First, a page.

Mental health issues faced by people migrating from rural areas to big cities could be addressed after experts in the field from the UK and India gathered to discuss latest research at De Montfort University Leicester (DMU).
DMU Professor of Mental Health, Raghu Raghavan, has previously told how his research found a slum community in western India had worked together to overcome mental health issues, without consultants or medication.
Professor Raghu Raghavan
Yesterday, health experts from India and the UK, who worked on the project with Professor Raghavan, presented their findings at an event called Mental Health, Migration and Resilience.
Delegates were looking at how continuing the research can now inform public mental health professionals of potential ways communities deal with high levels of anxiety and depression globally.
It is hoped the research can then pave the way for initiating new practices to tackle mental health issues in both the UK and India.
Dr Ashok Dyalchand, founder of India’s Institute of Health Management Pachod, travelled to DMU to present his findings from the project, which spoke to people who had migrated from rural areas of India to the city of Pune.
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He said: “There are internal migrants in the UK itself and the associated problems are as apparent as they are in India. This particular study has really opened the door for a large amount of future research.
“It is normal to focus on the cause of mental health problems and how many people have an issue. Here, we now have an understanding about what the strengths are in people, and we can use that understanding to address mental health issues.”
Professor Sivakami Muthusamy, from research university Tata Institute of Social Sciences, in Mumbai, India, said: “The conversations about mental health tend to be about the problems we face, while this conference is about the resilience and looking at issues in a positive manner.”
Professor Dinesh Bhugra, Emeritus Professor of Mental Health at King’s College London, talked at the conference about migration and mental health challenges in the UK.
Dr Ashok Dyalchand, Prof Santosh Chaturvedi and Prof Dinesh Bhugra
He said: “People move from rural areas to urban areas in the UK. They move to where the jobs are. We do not think about that and we should.
“Say someone moves from Lincolnshire to London. They may not be able to afford a property and we have to ask what does that do you to your self esteem when you have told people you are moving to a big city to be a success but end up sharing a house with lots of others. These things can become a major issue and we need to look at it.”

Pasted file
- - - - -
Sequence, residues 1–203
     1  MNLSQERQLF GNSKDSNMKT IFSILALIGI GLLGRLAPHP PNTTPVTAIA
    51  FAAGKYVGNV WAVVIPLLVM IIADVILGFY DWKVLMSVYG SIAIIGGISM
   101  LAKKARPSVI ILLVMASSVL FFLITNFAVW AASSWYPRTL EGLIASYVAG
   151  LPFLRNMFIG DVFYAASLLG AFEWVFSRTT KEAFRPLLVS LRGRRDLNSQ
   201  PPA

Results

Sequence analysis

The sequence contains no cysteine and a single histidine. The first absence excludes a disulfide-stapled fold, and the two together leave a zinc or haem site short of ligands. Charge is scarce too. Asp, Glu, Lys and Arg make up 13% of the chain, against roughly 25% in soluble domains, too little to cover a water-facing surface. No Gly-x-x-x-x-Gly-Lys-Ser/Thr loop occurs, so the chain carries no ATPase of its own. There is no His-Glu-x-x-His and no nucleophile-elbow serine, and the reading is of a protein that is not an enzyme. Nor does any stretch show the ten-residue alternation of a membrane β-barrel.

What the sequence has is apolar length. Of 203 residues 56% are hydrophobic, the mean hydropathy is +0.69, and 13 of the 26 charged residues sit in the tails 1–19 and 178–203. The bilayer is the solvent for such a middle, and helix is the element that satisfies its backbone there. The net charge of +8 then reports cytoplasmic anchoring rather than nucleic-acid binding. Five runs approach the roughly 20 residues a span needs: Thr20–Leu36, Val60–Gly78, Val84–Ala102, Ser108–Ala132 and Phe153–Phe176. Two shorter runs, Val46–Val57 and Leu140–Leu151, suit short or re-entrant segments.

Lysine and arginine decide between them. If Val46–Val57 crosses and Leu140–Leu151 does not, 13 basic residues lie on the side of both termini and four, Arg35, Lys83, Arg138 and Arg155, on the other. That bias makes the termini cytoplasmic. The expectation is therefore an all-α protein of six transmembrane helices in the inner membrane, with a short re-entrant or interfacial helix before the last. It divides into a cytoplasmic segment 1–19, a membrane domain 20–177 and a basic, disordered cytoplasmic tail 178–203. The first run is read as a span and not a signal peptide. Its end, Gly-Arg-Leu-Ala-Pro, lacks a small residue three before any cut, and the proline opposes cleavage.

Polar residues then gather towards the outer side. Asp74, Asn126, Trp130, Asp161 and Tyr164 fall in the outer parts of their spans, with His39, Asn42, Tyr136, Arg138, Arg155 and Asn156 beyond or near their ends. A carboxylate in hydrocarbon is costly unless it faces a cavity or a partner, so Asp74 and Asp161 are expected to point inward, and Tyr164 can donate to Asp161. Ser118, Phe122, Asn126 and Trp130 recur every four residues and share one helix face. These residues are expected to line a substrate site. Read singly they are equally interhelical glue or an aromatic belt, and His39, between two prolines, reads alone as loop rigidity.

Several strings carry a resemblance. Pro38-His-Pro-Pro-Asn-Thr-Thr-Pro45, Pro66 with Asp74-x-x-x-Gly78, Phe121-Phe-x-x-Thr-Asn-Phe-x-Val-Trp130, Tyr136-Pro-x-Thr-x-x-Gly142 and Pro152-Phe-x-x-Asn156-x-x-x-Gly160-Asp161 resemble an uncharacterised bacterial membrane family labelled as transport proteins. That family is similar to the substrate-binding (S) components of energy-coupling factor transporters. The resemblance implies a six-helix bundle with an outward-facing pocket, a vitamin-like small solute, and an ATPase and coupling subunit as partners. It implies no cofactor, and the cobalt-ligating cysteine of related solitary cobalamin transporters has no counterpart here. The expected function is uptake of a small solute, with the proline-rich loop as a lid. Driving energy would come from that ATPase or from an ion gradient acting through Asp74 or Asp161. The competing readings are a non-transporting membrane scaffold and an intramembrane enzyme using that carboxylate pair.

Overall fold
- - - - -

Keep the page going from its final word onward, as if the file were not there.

Professor Raghavan is leading the first research project of its kind that has looked at the resilience of men, women and children who have migrated to the Pune area from other parts of India.
Previous surveys had shown that the slum dwelling migrants frequently suffer higher levels of anxiety and depression.
The mental trauma of arriving in a new area, finding work, earning money, looking after family and ensuring there is a roof over their heads all add to the daily stress.
And yet, Professor Raghavan observed, without any mental health professionals or medication, the people in Pune were showing high levels of resilience in coping with these challenges.
After 18 months of field work interacting with families and listening to their stories Professor Raghavan and his team worked with Pune theatre group Swatantra to help the community put on a street play about their stories and celebrate their lives.
The underlying theme of the drama was to show to the communities that seeking help from the people you trust, showing compassion and working as a team all make for better mental health.
The drama production in Pune
Professor Raghavan said: “We have been involved in an excellent Indian/UK research collaboration which is a great achievement for us as a research team and for the university.
“The Arts and Humanities Research Council are extremely happy with what we have done and now mental health and migration is one of the key things they want to help with as a research agenda internationally.
“We are now planning for the next step which will be intervention, with a much bigger team.”
The mental health and resilience project is being supported by the Tata Institute of Social Sciences in Mumbai, the National Institute of Mental Health and Neuro Sciences in Bengaluru, the Institute of Health Management Pachod, Pune, and Swatantra theatre group in Pune.
Posted on Wednesday 23rd October 2019